Photoperiod (day length) measurement allows organisms to prepare for seasonal biotic and abiotic stresses. The most well-studied photoperiodic process is the seasonal timing of reproduction to provide offspring with the highest chances of survival. For example, the model plant Arabidopsis flowers when the length of the day exceeds the length of the night, but enters a dormancy state when the length of the day is short. However, other photoperiodic pathways are not yet well characterized. By datamining an existing microarray database and analyzing daily gene expression in short day (winter) and long day (summer) photoperiods, we investigate the correlation between photoperiodic gene expression patterns and gene expression levels. We identify a group of genes, which we name winter genes, that have similar expression patterns and are highly induced under short day conditions. We selected a representative winter gene, an F-box type E3 ligase named Phloem Protein 2-A13 (PP2-A13), and developed a unique luciferase reporter using the promoter of PP2-A13 to query the mechanisms of photoperiodic regulation of the winter genes. We find that PP2-A13 exhibits a two-peak expression pattern which is a hallmark of winter gene expression, and determine that energy status and light signaling each regulate one of the two peaks. Moreover, we demonstrate the winter developmental importance of PP2-A13 by demonstrating that mutants of PP2-A13 have decreased fresh weight and early leaf senescence but only under short day photoperiod conditions. Double mutant analyses show that PP2-A13 is required beside the autophagy pathway for normal plant growth and development in winter photoperiod growth conditions, suggesting that they may act in parallel pathways towards winter plant survival. This work uncovers a conserved novel photoperiod dependent transcriptional switch that regulates plant cell death, which could be applied to crops for optimization of seasonal change responses.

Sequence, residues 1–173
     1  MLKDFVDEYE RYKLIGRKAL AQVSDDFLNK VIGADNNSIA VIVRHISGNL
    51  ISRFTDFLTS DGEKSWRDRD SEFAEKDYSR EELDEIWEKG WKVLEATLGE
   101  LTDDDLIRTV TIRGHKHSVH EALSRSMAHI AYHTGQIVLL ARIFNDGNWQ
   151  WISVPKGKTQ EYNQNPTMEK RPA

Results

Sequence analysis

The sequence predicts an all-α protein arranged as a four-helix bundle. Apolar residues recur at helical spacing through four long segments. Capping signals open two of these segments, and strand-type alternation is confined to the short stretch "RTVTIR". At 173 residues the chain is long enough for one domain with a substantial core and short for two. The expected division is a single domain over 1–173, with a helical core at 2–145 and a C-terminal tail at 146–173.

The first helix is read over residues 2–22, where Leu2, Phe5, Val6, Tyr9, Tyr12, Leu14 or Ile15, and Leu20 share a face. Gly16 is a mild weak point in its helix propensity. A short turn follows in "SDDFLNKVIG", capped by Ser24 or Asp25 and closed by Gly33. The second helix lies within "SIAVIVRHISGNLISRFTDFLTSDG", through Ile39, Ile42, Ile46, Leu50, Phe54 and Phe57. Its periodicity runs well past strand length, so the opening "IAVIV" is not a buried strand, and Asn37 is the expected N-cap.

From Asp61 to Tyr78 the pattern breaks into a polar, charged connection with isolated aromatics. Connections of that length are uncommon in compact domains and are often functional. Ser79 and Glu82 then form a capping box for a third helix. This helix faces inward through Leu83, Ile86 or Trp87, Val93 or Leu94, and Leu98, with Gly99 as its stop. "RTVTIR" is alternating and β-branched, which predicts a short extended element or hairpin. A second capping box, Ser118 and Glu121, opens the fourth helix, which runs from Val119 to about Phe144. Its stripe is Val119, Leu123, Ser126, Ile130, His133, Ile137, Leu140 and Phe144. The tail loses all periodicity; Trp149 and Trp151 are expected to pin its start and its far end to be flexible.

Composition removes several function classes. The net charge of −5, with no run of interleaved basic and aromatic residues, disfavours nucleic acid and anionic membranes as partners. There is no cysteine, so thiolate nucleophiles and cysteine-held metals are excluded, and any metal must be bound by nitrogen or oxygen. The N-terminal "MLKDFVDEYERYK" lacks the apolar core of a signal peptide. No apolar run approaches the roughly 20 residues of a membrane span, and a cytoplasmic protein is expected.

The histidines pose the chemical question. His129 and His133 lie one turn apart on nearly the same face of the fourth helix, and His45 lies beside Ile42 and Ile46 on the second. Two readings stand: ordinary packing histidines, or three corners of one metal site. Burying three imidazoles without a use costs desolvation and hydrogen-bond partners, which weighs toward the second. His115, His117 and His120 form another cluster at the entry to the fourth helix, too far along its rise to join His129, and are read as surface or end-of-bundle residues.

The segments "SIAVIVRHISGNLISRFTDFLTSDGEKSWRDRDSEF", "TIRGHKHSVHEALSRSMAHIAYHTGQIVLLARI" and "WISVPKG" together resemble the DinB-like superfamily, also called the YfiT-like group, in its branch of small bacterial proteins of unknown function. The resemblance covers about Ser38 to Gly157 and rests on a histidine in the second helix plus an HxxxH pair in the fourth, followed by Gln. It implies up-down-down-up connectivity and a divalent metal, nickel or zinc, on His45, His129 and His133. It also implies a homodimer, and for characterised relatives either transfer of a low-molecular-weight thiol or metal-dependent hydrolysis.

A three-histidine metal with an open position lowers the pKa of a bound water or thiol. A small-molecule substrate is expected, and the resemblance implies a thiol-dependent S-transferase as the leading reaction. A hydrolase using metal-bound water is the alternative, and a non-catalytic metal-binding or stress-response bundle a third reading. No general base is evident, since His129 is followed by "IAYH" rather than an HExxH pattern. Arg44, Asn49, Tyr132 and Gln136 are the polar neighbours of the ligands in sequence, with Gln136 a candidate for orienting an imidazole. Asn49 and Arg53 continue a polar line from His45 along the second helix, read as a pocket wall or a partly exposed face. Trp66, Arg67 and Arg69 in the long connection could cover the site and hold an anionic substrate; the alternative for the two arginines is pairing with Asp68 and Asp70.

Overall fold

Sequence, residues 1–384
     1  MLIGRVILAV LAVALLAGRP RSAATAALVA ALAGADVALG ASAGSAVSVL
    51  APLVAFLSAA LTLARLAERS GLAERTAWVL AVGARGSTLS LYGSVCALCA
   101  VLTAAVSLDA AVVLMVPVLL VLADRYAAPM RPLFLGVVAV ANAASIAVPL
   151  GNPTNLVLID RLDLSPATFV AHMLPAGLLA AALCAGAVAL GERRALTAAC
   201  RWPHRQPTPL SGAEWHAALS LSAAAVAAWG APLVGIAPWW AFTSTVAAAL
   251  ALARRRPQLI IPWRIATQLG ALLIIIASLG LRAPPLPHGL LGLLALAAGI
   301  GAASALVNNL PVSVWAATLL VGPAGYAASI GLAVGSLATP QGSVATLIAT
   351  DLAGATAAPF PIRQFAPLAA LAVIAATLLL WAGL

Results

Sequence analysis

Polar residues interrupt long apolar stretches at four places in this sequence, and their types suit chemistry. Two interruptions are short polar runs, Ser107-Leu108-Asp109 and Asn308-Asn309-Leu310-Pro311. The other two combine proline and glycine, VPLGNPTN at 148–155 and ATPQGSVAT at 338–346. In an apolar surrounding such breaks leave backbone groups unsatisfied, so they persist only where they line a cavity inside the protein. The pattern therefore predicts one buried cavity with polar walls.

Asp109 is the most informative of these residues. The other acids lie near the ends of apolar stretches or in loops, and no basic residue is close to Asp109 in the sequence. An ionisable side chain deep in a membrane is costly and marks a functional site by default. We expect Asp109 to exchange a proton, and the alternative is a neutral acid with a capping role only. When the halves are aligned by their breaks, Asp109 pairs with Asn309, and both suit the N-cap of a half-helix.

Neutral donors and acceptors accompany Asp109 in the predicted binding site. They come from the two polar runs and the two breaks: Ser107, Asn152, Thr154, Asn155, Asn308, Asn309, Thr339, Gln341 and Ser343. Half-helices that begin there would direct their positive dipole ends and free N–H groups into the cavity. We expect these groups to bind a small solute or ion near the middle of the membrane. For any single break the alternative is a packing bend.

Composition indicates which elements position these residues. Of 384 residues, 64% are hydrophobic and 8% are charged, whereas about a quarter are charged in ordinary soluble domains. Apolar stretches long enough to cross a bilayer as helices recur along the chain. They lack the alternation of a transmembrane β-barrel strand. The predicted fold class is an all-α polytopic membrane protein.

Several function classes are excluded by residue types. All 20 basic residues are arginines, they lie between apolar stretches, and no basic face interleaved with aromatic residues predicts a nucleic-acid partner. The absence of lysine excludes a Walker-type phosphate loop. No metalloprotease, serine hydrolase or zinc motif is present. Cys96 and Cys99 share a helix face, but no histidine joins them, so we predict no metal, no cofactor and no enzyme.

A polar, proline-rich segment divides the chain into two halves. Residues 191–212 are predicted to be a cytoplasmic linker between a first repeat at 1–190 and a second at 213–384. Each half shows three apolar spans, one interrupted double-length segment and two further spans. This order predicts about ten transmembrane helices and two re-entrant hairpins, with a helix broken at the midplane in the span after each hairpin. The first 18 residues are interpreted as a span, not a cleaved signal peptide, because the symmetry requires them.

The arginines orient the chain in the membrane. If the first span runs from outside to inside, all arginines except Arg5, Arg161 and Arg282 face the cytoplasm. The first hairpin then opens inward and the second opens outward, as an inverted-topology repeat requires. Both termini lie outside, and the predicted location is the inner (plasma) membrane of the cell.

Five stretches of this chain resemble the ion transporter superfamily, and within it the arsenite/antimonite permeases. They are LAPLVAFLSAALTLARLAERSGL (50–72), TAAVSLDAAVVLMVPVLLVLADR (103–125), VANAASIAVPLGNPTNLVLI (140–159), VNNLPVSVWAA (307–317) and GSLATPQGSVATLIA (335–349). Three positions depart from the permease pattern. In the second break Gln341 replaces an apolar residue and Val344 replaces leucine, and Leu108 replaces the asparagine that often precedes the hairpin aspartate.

Coauthors: Ann Feke – Yale university;Joshua Gendron – Yale university;Ted Leung – Yale University;Daniel Tarte – Yale University